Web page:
Students standing on bride overlooking lake tamblyn

Health and Wellness Tips for Student Observing Ramadan

It's important for all students to make efforts to stay well during a busy and possibly stressful end of the semester and exam period, but those who observe Ramadan may need to take some extra time to plan and consider how to support their well-being.

Eating Well During Ramadan

You are what you eat- it is important to consider that how you eat during non-fasting hours can affect your mood, energy, and stress levels the rest of the day.


Breaking the fast. A common recommendation is to eat 5-6 dates soaked in one cup of milk. Dates are a potassium-dense food, which aids in hydration and restores electrolyte balance. Milk is high in calcium, and water, and is balanced in macronutrients. This combination is perfect for restoring energy. 

Slow down & savour. When you break your fast, try to avoid eating as much as you can and as quickly as you can, allow yourself to enjoy the food and for your stomach to absorb it.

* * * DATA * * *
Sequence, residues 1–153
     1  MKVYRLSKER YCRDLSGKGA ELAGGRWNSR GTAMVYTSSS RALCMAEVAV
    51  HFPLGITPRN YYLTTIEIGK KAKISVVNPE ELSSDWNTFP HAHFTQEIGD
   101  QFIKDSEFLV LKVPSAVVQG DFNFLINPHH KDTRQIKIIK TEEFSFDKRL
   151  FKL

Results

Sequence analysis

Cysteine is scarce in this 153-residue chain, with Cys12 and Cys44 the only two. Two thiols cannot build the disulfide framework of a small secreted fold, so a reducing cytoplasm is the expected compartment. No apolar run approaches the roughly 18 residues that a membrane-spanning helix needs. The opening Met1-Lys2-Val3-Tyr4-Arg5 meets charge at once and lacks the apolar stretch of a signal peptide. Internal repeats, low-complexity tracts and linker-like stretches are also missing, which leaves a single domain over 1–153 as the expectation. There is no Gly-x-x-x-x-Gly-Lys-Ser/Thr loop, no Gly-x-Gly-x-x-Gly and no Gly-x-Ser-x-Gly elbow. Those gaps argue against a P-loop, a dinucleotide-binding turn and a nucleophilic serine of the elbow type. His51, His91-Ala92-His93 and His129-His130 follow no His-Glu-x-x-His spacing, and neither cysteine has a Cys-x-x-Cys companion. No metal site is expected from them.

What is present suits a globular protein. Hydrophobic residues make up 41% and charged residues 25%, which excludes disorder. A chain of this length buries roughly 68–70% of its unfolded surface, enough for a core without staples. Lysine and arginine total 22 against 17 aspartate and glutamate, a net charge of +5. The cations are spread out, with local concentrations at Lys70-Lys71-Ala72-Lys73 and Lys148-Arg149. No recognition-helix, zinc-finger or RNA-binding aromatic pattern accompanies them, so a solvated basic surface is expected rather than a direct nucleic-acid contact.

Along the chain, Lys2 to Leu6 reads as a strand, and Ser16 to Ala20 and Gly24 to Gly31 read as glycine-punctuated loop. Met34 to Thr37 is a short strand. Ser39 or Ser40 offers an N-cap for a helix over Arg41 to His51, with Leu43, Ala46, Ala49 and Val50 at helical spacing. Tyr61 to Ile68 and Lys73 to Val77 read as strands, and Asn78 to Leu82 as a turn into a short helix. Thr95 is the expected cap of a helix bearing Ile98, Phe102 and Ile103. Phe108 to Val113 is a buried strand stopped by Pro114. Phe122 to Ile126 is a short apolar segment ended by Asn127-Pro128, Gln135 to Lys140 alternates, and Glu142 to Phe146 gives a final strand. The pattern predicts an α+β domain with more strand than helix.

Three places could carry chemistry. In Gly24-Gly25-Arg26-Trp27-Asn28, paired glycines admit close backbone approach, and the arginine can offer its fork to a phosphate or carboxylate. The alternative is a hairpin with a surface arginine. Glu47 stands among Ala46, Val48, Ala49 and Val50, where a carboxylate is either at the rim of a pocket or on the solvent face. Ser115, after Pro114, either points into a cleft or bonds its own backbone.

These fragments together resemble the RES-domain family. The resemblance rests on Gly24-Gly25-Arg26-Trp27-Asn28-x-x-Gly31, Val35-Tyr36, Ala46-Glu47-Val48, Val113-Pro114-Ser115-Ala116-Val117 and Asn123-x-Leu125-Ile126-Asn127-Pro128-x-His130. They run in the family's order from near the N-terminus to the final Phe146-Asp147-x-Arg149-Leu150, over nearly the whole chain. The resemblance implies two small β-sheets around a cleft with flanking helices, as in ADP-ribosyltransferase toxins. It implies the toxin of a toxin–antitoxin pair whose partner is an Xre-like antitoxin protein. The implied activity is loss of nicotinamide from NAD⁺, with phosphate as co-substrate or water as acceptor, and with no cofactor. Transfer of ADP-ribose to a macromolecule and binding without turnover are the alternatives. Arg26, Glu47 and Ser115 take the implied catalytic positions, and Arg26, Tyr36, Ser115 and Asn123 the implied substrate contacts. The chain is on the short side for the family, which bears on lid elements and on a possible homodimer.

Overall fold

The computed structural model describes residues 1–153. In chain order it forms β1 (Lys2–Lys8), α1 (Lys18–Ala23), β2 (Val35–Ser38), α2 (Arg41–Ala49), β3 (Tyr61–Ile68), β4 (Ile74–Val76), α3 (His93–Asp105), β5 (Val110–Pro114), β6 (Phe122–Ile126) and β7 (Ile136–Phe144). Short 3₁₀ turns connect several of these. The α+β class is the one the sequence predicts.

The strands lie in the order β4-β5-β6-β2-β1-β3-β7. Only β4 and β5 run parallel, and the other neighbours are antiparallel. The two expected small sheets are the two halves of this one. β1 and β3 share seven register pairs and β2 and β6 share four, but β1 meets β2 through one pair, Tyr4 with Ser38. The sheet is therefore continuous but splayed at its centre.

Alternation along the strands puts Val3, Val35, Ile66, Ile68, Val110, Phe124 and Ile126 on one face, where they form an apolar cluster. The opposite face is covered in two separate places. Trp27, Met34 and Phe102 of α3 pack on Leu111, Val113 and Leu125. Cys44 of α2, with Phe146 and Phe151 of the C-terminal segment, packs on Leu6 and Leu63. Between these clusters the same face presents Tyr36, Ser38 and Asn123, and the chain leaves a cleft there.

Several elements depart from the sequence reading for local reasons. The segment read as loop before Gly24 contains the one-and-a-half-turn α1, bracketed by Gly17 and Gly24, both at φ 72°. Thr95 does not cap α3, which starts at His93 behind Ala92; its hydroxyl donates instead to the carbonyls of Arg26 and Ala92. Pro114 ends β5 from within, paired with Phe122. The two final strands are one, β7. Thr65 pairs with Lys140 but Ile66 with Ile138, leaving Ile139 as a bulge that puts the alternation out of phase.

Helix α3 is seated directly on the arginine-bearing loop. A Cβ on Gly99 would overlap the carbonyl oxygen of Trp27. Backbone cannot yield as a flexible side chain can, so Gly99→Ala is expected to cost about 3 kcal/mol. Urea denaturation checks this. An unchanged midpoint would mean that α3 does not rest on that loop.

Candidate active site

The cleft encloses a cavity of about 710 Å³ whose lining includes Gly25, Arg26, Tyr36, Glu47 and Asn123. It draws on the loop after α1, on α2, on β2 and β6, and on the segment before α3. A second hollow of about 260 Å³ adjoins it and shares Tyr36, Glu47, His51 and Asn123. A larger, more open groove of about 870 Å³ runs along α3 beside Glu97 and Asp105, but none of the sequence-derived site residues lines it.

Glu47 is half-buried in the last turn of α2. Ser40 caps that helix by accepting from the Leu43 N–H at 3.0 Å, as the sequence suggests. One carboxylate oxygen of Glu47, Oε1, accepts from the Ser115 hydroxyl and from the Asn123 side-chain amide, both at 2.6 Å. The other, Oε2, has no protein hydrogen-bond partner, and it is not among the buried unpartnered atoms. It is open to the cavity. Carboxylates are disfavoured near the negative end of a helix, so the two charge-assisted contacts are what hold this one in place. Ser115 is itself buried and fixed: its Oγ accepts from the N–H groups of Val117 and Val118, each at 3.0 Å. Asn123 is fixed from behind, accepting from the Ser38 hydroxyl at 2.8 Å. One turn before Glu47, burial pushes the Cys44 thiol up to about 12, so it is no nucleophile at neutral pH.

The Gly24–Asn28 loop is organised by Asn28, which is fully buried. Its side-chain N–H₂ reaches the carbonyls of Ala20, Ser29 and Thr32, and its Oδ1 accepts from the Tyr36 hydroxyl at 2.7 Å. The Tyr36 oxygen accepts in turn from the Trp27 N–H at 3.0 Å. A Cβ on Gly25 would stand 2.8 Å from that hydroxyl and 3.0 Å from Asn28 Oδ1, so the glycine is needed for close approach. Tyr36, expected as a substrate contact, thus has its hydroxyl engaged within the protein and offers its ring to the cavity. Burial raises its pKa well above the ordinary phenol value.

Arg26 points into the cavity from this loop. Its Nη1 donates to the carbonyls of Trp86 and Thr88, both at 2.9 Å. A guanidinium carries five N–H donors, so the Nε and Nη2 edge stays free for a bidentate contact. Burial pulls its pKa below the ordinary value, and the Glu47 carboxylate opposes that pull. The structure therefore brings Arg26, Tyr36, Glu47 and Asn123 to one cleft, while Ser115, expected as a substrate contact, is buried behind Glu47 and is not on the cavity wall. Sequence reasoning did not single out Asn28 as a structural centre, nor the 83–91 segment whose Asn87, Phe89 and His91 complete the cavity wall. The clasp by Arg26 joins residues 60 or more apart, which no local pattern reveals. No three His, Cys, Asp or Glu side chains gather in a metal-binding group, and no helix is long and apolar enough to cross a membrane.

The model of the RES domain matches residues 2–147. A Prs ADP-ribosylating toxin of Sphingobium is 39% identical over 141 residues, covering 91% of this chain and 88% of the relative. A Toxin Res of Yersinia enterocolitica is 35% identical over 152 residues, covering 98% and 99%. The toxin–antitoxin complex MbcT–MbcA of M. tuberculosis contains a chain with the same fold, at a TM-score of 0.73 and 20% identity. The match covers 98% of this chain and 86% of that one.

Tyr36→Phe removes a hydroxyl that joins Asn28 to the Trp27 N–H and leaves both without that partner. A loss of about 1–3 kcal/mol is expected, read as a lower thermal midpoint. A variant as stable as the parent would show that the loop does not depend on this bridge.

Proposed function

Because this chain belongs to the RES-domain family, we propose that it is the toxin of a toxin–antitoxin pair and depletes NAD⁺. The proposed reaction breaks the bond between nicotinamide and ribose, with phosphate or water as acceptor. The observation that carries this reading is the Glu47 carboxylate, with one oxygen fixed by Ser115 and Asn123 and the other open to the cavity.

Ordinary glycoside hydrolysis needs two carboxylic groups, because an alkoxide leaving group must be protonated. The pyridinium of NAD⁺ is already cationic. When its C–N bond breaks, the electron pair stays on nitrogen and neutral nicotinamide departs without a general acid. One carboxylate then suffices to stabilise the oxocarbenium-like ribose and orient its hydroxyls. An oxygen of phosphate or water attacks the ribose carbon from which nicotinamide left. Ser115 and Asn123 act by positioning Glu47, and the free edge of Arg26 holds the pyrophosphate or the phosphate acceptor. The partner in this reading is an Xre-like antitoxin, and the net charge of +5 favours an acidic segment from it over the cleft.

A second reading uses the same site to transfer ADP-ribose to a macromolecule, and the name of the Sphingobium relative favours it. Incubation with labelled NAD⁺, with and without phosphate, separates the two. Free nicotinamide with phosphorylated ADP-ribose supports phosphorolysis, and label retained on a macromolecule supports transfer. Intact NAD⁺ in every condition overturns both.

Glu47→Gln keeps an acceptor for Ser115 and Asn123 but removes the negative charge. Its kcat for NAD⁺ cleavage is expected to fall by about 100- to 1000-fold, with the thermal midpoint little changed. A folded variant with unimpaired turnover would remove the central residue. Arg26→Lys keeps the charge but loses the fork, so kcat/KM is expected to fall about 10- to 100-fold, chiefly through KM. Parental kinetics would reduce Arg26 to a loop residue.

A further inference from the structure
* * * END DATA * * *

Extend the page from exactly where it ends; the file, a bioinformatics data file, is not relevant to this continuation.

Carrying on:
Avoid fried foods. Use the oven to bake your food or use an air fryer instead. Both these methods help to decrease the amount of fat and calories that come from frying. If you must fry or are invited to an iftar dinner with lots of fried goodies, try to limit your intake to one item only. This will allow you to enjoy your treat while not overindulging.

Protein, protein, protein. Be sure to include a source of protein at every iftar to provide your body with the required nutrients it needs after a long day of fasting. Protein can be from meat but also consider plant-based proteins such as lentils and beans.

The importance of snacking. It is recommended to eat at least two small snacks between breaking the fast and going to sleep. 


Stick with water. For flavour, infuse your water with lemon slices, mint leaves, and fresh fruit.  Levels of hydration will affect how much energy you have and your alertness during the day.

Suhour: Maximizing energy for the day

Hydrate. Drink plenty of fluids and choose fluid-rich foods to make sure you are well hydrated for the day ahead.

Maximize energy. Choose starchy foods for energy, opting for high fibre or wholegrain varieties where possible as these can help keep you feeling fuller and can aid digestion, helping to prevent constipation.